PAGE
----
A vase of garden-fresh hydrangeas embodies summer. Hydrangeas are harmful to cats, so if you have one in the house or yard, cut them.
Hydrangeas are mainly associated with bigleaf and mountain varieties. Hydrangeas are mainly associated with bigleaf (Hydrangea macrophylla) and mountain (Hydrangea serrata)
The Pet Poison Hotline says cats can poison themselves by eating any hydrangea plant part. Hydrangea cyanogenic glycoside is poisonous. The flowers, leaves, buds, and stalks all carry poison, but the buds and leaves are most toxic.
If your cat has eaten hydrangea blossoms, call your vet and watch for disease. Dr. Michelle Burch, a veterinarian, says hydrangea poisoning seldom causes serious problems.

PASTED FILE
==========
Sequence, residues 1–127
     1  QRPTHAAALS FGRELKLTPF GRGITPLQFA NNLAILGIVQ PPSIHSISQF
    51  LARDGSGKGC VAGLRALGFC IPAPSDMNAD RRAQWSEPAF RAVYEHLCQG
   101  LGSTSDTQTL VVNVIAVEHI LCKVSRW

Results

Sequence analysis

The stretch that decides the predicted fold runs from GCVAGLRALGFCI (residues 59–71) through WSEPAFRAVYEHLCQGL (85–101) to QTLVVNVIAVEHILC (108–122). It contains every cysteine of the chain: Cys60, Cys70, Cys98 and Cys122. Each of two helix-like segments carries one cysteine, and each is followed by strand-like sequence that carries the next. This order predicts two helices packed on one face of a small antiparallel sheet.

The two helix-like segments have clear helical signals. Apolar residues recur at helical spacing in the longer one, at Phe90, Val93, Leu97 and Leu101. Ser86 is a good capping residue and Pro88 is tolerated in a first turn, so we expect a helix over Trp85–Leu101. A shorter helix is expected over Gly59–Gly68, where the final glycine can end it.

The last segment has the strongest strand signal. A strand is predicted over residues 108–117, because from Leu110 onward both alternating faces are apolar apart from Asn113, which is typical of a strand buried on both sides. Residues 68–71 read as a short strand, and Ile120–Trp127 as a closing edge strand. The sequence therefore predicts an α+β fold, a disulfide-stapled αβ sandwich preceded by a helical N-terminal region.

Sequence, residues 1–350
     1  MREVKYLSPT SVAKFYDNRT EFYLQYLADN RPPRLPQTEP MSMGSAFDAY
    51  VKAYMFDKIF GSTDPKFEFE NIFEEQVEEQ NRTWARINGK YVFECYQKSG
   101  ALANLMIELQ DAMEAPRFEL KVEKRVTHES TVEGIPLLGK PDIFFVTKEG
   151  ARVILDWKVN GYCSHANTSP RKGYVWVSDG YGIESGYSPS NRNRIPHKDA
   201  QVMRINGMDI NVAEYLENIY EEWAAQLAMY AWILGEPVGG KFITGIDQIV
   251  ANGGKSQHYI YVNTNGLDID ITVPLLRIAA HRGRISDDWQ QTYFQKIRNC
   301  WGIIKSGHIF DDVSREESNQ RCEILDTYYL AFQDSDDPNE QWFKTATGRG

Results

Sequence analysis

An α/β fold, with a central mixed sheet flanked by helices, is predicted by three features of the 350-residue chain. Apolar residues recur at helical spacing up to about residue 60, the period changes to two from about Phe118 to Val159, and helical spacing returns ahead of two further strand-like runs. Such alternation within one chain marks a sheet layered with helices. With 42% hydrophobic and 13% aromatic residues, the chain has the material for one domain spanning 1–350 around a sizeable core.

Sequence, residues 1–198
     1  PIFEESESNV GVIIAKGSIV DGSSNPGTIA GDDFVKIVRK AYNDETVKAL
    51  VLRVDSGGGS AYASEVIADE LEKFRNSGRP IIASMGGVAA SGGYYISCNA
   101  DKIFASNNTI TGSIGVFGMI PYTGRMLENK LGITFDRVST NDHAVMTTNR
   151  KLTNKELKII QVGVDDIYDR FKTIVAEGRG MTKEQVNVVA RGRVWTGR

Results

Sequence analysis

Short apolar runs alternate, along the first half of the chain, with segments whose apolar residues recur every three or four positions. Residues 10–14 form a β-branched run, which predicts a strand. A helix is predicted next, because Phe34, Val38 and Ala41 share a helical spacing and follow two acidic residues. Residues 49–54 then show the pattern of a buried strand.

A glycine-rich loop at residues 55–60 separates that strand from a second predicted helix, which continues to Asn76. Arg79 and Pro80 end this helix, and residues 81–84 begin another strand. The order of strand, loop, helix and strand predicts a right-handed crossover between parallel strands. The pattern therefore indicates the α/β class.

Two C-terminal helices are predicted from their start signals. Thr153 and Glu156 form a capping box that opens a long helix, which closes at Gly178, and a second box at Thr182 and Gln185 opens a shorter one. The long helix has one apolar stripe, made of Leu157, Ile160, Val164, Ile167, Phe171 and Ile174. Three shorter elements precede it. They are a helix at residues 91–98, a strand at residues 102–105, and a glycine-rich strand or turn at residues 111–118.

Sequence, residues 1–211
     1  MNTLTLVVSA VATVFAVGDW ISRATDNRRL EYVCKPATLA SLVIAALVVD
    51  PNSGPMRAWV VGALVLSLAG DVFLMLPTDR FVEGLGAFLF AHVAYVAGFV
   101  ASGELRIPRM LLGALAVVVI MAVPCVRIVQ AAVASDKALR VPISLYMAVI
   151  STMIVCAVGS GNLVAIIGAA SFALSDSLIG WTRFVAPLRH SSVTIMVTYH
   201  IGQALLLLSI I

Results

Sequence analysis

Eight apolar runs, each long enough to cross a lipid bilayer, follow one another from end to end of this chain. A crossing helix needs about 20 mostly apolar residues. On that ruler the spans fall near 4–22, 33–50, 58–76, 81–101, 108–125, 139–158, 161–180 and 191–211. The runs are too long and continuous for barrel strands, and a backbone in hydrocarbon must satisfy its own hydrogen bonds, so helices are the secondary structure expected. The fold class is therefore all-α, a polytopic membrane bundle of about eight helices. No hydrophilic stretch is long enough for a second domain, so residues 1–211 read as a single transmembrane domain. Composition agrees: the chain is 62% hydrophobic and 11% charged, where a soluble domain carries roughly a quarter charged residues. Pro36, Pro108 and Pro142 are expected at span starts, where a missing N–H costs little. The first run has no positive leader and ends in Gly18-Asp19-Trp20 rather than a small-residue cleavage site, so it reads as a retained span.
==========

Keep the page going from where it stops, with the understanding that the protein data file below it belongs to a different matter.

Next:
If your cat visits your yard hydrangeas, you should try to keep her away. "Through the garden, place shells, branches, and thorny vines that dogs and cats won't step on," advises Dr. Burch. Other methods are also available.
Several non-toxic botanical oil sprays can be used along garden and plant edges. "The botanical oils smell bad to dogs and cats, deterring them," says Dr. Burch.
Install a motion-activated sprinkler on your garden borders to deter animals. "When the sprinkler detects motion, it will spray an unsuspecting intruder," adds Dr. Burch.
Movement-detecting ultrasonic deterrents can be fitted. Ultrasonic sound and light may scare pets away from certain sections of the yard or garden.
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